Fanbase Press’ The Gamma Gals Looks to Change the Representation Game in Comics
When it comes to inclusion in comics, sometimes it pays to explore titles from independent publishers who are attempting to fill the void that the Big Two often struggle to fill. For six years, Fanbase Press (formerly Fanboy Comics) has offered a platform to up-and-coming comics creators to tell unique and inclusive stories. Today, they’ve announced another such addition to their ever-growing list of titles. Say hello to The Gamma Gals!
The Gamma Gals is a creator-owned, 4-part limited series that is created, written, and illustrated by comics newcomer Stefano Terry. It tells the story of three D&D-loving teenage girls, Kira, Harriet, and Sue, who awaken from a gamma-irradiated storm to discover they have extraordinary superpowers. They are your average high school students at Brightstone City High School by day, but by night, they are The Gamma Gals, protecting Brightstone City from countless super villains, monsters, and more!
Fanbase Press has provided a couple of preview images to whet our appetites (see the gallery!), and Editor-In-Chief, Barbra Dillon expressed excitement over the new title saying, “I am overjoyed to bring The Gamma Gals into our publishing lineup this year. Having the opportunity to add complex and strong female characters to the comic book medium who positively represent various races, physical abilities, and sexual orientations is tantamount to the mission of Fanbase Press and the needs of the comic book industry.”
Meanwhile, Terry was also drawn to the possibility of telling a story with a more inclusive cast of characters. “For me, it’s a culmination of 23 years of passion for the comics medium,” he says. “I wanted to create a book that felt more like the real world in terms of representation, with characters that I hope are relatable, fun, and awesome!”
The story sounds like a lot of fun, and I’m thrilled that the girls are not only ethnically and racially diverse, but they are also physically diverse! My only quibble based purely on these preview pages is with the Latina character, Sue. While I love that there’s a Latina character, my issue is with the fact that she’s supposed to be fat…but isn’t really drawn that way.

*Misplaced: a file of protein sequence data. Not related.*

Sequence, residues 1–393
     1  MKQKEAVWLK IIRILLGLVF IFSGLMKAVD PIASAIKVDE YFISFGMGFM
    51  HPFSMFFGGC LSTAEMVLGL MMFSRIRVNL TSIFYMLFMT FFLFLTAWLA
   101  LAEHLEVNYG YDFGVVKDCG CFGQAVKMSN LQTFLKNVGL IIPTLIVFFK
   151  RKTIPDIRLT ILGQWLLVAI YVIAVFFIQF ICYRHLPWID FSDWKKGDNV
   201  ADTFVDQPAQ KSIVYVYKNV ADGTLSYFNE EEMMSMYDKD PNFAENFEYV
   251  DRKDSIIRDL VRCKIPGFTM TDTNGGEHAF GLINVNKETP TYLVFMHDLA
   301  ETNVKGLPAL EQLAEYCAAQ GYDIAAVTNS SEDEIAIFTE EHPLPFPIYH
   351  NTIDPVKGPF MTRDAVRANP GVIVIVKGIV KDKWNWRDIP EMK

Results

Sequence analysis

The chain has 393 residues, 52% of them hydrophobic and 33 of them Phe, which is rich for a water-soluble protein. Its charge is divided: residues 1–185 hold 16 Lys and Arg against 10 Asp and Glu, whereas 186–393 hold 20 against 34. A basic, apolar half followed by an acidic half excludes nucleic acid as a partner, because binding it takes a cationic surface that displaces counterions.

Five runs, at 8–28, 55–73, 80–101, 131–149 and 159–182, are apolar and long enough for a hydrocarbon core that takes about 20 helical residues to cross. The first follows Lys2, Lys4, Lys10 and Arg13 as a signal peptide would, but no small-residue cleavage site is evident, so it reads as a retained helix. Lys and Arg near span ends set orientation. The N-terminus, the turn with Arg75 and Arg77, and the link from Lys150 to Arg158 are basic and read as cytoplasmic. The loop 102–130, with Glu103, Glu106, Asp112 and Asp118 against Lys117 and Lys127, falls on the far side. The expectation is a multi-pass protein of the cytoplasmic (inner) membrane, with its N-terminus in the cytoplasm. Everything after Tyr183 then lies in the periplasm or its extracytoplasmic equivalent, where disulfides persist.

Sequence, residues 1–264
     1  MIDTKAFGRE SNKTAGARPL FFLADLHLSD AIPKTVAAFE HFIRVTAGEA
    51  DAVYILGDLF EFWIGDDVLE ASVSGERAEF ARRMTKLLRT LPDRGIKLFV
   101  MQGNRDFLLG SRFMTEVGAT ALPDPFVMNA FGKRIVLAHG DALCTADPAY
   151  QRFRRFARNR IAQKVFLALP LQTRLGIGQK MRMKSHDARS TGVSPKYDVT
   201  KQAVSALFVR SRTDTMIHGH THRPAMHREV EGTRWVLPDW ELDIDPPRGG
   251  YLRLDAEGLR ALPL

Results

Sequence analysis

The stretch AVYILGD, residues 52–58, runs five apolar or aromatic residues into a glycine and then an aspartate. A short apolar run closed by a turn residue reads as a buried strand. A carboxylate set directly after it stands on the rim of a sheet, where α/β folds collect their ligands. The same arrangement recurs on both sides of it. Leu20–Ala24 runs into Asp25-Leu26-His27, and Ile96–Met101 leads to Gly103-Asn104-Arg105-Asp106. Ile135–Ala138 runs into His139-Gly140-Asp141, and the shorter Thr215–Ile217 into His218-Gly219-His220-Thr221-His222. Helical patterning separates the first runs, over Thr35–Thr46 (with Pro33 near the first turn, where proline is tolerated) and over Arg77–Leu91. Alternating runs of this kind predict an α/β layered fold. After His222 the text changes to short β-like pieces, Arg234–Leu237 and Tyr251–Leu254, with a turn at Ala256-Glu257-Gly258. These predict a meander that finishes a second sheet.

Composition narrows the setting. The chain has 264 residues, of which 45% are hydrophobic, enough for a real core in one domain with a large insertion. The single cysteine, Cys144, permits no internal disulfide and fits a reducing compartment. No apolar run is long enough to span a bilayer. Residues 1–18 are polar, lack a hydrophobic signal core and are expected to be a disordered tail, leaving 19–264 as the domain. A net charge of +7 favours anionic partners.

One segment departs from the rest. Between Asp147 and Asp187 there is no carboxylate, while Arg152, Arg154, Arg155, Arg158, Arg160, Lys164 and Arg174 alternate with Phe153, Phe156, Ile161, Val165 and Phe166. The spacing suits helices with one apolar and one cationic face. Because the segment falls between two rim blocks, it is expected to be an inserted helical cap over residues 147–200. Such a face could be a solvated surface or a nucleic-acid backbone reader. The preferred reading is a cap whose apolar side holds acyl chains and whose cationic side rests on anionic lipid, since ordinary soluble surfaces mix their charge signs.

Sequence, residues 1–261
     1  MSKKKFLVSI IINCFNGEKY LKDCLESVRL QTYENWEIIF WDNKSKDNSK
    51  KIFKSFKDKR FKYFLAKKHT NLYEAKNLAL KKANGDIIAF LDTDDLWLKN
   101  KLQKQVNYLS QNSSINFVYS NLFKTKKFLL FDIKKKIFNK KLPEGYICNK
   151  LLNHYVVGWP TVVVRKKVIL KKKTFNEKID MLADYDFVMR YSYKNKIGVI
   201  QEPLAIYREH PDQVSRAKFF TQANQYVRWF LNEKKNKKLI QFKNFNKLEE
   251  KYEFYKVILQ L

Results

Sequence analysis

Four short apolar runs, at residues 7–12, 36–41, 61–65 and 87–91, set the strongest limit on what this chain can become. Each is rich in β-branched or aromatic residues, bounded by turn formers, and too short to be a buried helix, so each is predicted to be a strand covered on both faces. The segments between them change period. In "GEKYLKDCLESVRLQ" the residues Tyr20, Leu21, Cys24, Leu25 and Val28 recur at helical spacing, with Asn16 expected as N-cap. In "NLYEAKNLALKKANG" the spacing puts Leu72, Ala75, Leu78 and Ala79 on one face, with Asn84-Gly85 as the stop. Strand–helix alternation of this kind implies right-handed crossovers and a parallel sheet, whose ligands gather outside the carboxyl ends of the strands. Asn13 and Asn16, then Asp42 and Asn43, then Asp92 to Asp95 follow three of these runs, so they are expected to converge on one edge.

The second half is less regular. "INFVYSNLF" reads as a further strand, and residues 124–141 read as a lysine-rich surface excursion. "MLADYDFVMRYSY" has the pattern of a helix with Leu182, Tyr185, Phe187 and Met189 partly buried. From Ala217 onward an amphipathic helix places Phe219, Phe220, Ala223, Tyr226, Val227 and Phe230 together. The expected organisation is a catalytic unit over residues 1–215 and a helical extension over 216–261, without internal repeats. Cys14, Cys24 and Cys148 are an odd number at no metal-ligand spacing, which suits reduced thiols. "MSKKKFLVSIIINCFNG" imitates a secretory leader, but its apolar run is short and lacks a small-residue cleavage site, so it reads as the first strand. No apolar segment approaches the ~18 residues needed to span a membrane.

Apparently, this character is supposed to be fat enough to elicit insulting comments from classmates and be really insecure, but she’s not drawn like a fat girl. While I understand that, because of the sexist beauty standards that dictate our looks-obsessed society, we tend to apply the word “fat” to any woman who’s not a Size 2, if the goal of the book was to truly capture diverse body types, perhaps Terry could’ve gone a bit further than a pot belly and larger breasts. One need only look at a title like Faith over at Valiant to see how it can be done. I’ve seen “fat” according to Hollywood standards or comics standards…we could use more comics artists drawing fat as it might actually exist in the world.
Still, The Gamma Gals seems to be worth checking out. After all, why wouldn’t we be into a story about a diverse group of geeky gamer friends who happen to become superheroes? Exactly.
Gamma Gals will be available digitally through ComiXology starting in March 2017. But fear not, lovers of hard copies! The series will be collected into a printed trade paperback featuring two bonus issues that will be released in late summer 2017. You can pre-order the trade over at the Fanbase Press site right now, and all pre-orders received before June 7, 2017 will receive an exclusive Gamma Gals print signed by Terry.
Will you be reading The Gamma Girls?
(images via Fanbase Press)
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